When not wrangling copy for the MoJo crew, Ian writes about immigration, sports, and Latin America. His work has appeared in ESPN the Magazine, Wired, and Slate. Got a comment or a tip? Email him: igordon [at] motherjones [dot] com.
Preparing for his dangerous trip north, a Central American teen stops to pen a letter to his uncle in the United States. He writes that his mom is telling him to think hard about the risks: the gangs on the trains, the cartels that kidnap migrants, the days of walking through the desert. But those roadblocks, he writes, are worth it: "I see myself earning a bunch of money in the United States, and my mom here without any worries."
See MoJo's full coverage of the surge of unaccompanied child migrants from Central America.
So begins a new public service announcement aimed at keeping Central American kids from joining the tens of thousands of unaccompanied child migrants who have been apprehended by US authorities in the last year. The PSA soon turns dark, though: After the teen says goodbye to his mother, and his uncle puts down the letter he's been reading, the camera pulls back from a close-up of the boy, dead on the desert floor. A narrator urges viewers: "They're our future. Let's protect them."
US Customs and Border Protection (CBP) developed the TV ads, as well as posters and marimba-infused radio spots, as part of its million-dollar Dangers Awareness Campaign. Rolled out shortly after Vice President Joe Biden's trip to Guatemala in June, the campaign is an attempt to counter rumors that unaccompanied kids will be allowed to stay in the United States. The ads emphasize that the journey is extremely dangerous and that children won't get legal status if they make it across the border.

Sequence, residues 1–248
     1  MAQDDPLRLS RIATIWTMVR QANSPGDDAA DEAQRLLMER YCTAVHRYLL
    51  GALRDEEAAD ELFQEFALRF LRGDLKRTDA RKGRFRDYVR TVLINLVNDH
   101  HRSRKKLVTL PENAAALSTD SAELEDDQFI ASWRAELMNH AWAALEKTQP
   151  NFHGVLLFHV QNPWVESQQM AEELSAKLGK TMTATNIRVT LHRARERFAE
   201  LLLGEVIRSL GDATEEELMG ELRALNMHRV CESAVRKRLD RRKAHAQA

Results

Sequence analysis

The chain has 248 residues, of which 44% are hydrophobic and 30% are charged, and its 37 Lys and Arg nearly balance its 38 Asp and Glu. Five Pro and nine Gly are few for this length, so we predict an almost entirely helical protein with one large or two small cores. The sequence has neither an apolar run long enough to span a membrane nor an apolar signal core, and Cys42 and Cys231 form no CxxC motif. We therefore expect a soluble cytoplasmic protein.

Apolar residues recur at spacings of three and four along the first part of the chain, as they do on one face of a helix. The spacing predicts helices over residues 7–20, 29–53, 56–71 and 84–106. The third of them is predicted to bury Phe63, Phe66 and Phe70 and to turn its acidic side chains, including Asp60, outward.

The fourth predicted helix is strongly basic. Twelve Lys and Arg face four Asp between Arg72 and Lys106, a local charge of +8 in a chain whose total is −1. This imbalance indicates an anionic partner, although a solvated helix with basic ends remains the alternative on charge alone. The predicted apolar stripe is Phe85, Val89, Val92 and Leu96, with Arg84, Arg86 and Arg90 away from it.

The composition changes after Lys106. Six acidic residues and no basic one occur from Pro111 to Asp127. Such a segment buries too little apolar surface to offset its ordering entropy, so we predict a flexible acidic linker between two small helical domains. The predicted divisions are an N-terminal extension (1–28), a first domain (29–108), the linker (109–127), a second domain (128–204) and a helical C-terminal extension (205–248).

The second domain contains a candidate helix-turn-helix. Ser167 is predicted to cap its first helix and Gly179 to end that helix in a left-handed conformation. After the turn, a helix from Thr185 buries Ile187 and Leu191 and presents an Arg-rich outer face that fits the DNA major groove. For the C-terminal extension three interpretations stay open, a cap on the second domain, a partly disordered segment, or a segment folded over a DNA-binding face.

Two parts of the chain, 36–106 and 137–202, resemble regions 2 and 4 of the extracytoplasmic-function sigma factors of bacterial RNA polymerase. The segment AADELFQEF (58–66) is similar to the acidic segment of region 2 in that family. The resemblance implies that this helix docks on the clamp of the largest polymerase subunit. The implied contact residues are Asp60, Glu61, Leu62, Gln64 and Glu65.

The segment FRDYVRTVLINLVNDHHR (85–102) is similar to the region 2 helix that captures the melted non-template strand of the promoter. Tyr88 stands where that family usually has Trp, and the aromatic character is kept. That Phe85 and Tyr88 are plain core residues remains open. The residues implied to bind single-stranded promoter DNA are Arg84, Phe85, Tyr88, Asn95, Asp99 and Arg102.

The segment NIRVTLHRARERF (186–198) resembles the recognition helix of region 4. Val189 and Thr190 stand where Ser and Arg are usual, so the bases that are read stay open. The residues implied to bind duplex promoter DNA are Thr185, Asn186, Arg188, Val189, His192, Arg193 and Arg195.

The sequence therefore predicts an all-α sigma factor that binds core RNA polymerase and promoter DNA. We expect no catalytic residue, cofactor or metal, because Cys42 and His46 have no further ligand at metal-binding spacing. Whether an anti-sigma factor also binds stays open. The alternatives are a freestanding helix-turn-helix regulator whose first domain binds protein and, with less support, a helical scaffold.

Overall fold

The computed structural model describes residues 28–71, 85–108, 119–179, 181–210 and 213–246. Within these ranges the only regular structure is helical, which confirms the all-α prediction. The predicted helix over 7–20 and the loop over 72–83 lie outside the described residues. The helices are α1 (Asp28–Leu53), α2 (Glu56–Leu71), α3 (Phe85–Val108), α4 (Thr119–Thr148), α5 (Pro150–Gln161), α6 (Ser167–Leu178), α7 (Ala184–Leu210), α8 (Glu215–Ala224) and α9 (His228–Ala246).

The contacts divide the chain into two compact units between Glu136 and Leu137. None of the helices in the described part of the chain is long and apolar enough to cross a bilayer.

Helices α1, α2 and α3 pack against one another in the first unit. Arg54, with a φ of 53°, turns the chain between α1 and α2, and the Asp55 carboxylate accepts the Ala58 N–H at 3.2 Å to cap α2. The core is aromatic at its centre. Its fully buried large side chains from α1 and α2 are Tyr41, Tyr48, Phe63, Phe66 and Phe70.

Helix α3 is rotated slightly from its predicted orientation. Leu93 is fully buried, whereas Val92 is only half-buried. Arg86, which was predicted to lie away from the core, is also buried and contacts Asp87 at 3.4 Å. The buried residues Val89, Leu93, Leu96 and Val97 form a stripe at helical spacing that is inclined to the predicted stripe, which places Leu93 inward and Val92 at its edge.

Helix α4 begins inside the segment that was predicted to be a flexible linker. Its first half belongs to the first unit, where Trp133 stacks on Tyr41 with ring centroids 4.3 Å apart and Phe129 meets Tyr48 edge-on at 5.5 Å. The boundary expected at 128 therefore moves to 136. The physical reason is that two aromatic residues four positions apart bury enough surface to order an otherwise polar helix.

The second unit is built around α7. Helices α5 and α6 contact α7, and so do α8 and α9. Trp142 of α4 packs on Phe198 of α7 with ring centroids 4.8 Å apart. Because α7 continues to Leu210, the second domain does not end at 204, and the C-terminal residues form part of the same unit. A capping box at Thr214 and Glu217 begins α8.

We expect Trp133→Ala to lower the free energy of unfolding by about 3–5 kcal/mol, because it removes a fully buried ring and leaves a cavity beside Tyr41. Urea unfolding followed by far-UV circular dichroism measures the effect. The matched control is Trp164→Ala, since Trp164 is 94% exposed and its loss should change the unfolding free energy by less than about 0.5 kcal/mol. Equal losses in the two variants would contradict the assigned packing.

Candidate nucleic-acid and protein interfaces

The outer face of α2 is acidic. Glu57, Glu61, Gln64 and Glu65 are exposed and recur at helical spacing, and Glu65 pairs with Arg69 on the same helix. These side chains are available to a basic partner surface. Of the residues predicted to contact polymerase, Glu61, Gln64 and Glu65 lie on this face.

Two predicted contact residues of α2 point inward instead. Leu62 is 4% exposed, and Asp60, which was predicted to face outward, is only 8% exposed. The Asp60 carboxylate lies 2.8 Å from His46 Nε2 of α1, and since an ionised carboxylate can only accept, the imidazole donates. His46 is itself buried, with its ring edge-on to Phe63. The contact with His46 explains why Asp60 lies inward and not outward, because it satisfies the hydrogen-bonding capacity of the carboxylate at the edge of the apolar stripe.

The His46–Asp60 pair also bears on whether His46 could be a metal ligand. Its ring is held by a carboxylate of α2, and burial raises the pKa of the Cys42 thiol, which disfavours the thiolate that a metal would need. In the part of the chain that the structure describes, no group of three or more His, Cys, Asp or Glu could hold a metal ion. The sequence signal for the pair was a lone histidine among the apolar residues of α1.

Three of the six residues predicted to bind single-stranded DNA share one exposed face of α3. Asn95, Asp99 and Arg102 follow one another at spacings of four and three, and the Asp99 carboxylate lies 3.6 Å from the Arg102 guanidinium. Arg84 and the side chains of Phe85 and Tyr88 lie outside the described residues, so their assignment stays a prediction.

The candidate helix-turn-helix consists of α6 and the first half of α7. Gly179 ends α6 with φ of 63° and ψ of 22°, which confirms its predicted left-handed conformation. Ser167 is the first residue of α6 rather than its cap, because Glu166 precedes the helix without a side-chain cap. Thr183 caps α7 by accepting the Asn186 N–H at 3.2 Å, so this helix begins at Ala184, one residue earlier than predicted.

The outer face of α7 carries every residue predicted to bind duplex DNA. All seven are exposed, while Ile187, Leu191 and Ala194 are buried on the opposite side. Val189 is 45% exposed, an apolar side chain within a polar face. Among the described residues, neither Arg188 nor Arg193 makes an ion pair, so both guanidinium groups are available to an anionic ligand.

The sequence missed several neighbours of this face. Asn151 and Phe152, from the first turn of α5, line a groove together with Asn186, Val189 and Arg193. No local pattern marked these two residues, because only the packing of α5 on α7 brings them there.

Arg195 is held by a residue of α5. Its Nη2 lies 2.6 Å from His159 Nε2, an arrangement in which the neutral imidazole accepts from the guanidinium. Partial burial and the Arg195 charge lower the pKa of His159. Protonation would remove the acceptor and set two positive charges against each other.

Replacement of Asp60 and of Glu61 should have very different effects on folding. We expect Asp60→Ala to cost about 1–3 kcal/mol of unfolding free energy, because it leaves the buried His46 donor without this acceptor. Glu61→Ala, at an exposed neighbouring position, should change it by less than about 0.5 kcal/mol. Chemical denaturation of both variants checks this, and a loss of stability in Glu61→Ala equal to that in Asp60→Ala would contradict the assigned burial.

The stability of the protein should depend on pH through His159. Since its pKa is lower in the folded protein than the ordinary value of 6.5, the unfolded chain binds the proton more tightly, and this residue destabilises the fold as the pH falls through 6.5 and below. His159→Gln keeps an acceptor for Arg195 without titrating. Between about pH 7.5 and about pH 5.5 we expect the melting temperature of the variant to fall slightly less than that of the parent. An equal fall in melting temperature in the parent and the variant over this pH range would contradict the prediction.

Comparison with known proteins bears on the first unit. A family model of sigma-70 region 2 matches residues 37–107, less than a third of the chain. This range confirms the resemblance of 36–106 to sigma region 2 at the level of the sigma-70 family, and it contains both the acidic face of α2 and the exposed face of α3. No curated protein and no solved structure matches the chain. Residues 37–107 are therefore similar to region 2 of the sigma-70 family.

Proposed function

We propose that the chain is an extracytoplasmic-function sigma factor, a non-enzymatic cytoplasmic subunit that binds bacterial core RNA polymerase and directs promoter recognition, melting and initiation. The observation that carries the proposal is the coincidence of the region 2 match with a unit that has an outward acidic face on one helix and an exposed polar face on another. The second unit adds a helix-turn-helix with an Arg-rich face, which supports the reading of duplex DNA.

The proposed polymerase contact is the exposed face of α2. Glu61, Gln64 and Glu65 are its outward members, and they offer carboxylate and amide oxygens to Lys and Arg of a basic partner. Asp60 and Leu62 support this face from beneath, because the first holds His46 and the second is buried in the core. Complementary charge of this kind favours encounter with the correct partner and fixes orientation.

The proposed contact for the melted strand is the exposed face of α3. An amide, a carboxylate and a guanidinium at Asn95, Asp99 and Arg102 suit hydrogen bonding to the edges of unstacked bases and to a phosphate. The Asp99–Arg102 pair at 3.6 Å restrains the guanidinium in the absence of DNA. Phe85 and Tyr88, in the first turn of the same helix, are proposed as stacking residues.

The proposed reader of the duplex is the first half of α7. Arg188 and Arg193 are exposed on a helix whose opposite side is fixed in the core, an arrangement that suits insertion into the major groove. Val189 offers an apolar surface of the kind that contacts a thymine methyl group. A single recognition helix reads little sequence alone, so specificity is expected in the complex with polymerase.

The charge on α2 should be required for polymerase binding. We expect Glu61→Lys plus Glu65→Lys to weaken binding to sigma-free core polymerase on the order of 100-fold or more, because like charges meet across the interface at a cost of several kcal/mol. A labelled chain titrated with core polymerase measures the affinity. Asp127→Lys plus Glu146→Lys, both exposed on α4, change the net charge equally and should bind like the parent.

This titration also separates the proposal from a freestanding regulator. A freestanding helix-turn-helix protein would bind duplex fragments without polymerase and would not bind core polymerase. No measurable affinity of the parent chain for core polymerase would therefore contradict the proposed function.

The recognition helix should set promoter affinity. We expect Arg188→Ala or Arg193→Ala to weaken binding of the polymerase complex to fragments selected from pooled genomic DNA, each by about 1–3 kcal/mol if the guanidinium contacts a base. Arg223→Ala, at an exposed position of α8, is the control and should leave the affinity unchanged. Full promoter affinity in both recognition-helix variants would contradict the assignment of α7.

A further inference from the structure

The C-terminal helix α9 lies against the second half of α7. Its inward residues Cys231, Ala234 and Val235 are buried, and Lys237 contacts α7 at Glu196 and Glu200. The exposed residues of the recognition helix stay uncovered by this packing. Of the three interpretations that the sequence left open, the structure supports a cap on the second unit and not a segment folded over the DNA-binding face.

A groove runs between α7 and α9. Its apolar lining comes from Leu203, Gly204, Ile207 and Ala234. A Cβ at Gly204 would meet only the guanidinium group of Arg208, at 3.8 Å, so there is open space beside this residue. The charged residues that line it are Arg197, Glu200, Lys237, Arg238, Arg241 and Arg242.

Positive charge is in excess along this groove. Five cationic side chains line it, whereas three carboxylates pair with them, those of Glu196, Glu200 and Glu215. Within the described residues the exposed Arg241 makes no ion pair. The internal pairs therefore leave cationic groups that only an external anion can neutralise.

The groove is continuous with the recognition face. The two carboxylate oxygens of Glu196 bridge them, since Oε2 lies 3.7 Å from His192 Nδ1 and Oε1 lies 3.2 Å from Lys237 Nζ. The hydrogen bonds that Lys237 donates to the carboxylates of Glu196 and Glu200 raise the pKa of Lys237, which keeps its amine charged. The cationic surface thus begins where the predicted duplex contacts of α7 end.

The campaign will run for 11 weeks, CBP spokesman Jaime Ruiz told the Associated Press. "We want a relative that is about to send $5,000, $6,000 to a relative in El Salvador to see this message and say, 'Oh my God, they're saying that the journey is more dangerous,'" Ruiz said. "We try to counter the version of the smuggler."
Here's the other televised PSA, in which two silhouettes—a would-be migrant and a smuggler—discuss heading north, the smuggler turning increasingly aggressive and his shadow occasionally turning into that of a coyote, the slang word for a smuggler:
(Notably, CBP created slightly different versions of each of the stories for El Salvador, Guatemala, and Honduras, the three countries that have sent the most unaccompanied minors to the US. Watch them all here.)
But with more than 57,000 unaccompanied kids apprehended in the United States since October—a situation that CBP head R. Gil Kerlikowske called "difficult and distressing on a lot of levels" when speaking to members of the Senate homeland security committee on Wednesday—the government seems willing to try anything.
Child migrants at a Border Patrol facility in Brownsville, Texas
The Obama administration sent a letter to Congress on Monday asking for emergency appropriations, reportedly worth some $2 billion, to deal with the "urgent humanitarian situation" of unaccompanied child migrants in South Texas. (I've been reporting on the phenomenon for the past year.) But for all the talk about increasing the number of asylum officers and immigration judges, child welfare advocates are worried about a potential change in the law that could mean removing Central American kids almost immediately after they are apprehended at the border.
See MoJo's full coverage of the surge of unaccompanied child migrants from Central America.